Alone and lonely? #Macmillan #Sarcoma


So, on Thursday I got a letter saying I had an appointment with the lovely Dr Chandra…!! As you can imagine my heart missed a few beats at this but we realised it was just a check up on my leg. The clinic has now moved to the Linda McCartney Centre, which is great as the team now have a permanent home which is more private that the other two areas where the clinics were held. The sad thing is that the team also have patients who are not cancer patients and I’m sure it’s upsetting for them to be sat with so many ill people.

We arrived for our appointment ten minutes early. To our dismay, climic was running 50 minutes late and we had to endure Shania Twain on repeat in the waiting room. Aaaaargh!!!!

Alone. Are they lonely?
On a serious note though, there were so many people who arrived to see their oncologist on their own. Now, being in the waiting room alone can be emotional and that’s before the dreaded appointment, so believe me when I say it’s heartbreaking to see people dealing with this alone. I know I certainly couldn’t face these appointments, and this fight, on my own. Macmillan have a campaign going at the moment called “No one should face cancer alone”. I believe this to be true, but then I question – Do some people choose to take this journey on their own? Some people may do, but not many. So if you know someone who has cancer and they don’t have anyone, then please reach out. The offer of a supportive coffee, chat or even going along to an appointment will be greatly appreciated.

On a positive note, Dr Chandra is happy with my leg. I have a muscle who has now decided to function (how dare it) and it’s such a odd feeling. I had convinced myself that something was wrong so I was over the moon when Chandra explained what I was feeling was normal. He also told me that the tumours on my lungs had massively reduced. This is fantastic news so I am still meeting with Dr Ali next week to discuss the next steps for my treatment I.e surgery and/or RFA. Can’t wait to get this over with so I can move on with my life.

Get well soon…
We have had a spell of family and friends who have been hit with bad health recently. So here’s a get well soon message to Aunty Christine, John (Johns dad) and to Marie who has embarked on her own cancer journey a few weeks ago.

9 thoughts on “Alone and lonely? #Macmillan #Sarcoma

  1. Anne Lewis says:

    I have read your incredible blog with interest as I have a relative dealing with this illness. All the best wishes for you.
    Anne Lewis


  2. Debbie leck says:

    Hi Emma
    All sounds positive in your camp!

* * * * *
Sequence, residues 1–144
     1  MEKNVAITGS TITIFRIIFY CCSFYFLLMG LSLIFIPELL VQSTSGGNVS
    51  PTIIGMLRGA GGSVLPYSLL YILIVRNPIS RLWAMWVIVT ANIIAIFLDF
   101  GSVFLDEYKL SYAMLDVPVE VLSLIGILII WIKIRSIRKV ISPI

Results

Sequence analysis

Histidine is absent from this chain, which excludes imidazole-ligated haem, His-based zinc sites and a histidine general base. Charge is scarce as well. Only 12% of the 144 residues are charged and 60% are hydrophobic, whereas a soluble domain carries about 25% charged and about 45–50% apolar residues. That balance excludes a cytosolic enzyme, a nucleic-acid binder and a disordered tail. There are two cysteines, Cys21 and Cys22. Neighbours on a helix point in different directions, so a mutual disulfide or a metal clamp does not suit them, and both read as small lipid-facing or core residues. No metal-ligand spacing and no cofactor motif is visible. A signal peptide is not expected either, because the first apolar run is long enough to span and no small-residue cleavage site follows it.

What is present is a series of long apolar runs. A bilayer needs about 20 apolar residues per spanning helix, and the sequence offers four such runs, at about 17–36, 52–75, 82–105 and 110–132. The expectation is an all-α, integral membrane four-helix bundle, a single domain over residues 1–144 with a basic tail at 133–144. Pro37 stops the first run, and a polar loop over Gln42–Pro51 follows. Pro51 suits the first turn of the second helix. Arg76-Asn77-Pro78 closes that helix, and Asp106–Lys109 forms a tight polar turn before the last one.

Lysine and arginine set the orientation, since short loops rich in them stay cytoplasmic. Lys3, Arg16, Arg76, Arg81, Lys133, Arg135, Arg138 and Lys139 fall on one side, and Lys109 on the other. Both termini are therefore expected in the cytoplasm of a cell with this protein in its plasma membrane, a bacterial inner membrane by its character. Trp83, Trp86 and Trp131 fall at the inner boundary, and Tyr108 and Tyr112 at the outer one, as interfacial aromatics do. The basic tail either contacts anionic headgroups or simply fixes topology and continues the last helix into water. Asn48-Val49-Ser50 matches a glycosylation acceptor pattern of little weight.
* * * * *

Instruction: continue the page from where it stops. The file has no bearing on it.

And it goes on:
I’m running the Wilmslow half marathon on 23 march in aid of Macmillan and to support my friend who’s dad is being treated for cancer at the moment.
    Mad and something I never thought I would do trust me! I was really struggling to feel upbeat about it following a few tough runs recently however, your words have given me the the boost I needed so thank you! Stay strong x


  3. Wynn Carter says:

    Wonderful news Emma, great to hear all is good with your leg and the tumours in your lung have massively reduced. Like you say, it will be good for you to get the next stage over and move on to happier times in your life. And believe me, you certainly will. On a personal note, I have a very supportive and loving family but I choose to go alone for my scans, my thirty radiotherapy treatments and all specialist appointments….the only way I can explain why, is I need to absorb the news myself first, get myself together and then tell my family and friends the news…good or bad! I suppose everyone deals with things differently…Even my friends and family can’t understand why I go alone. I suppose it’s just my way of dealing with it. I’m certainly not lonely and alone, I have a huge support network of family and friends, including the Sarcoma Group and lovely people like you….I couldn’t face this horrible cancer without all their support. So, some of the people you may see sat there alone may just choose to be! Love and Hug’s Wynn xx


  4. Lizzie says:

    Yay for muscle twitching! I’ve had feeling start to come back in my arm, I cried the first time.

    I’ve had to go for a couple of appointments alone, due to distance and my OH’s job makes it impossible sometimes, and I have to make the choice between having someone to drive me home from scans or be there at appointments, due to effects of contrast, that takes priority. the one where I was diagnosed but not, I just wandered round London in a daze for 3 hours trying to work out what I’d been told but not, if there was somene with me I would have known, but the worst had to be the one where they were really concerned it was back, I sobbed on the train home. How to make a packed commuter train feel really uncomfortable. (I do give lessons in getting a train seat though…)

    I can’t imagine going the whole road alone, it’s hard enough with support.

    Best of luck for the next appointment and I’ll keep my fingers crossed you can have RFA.



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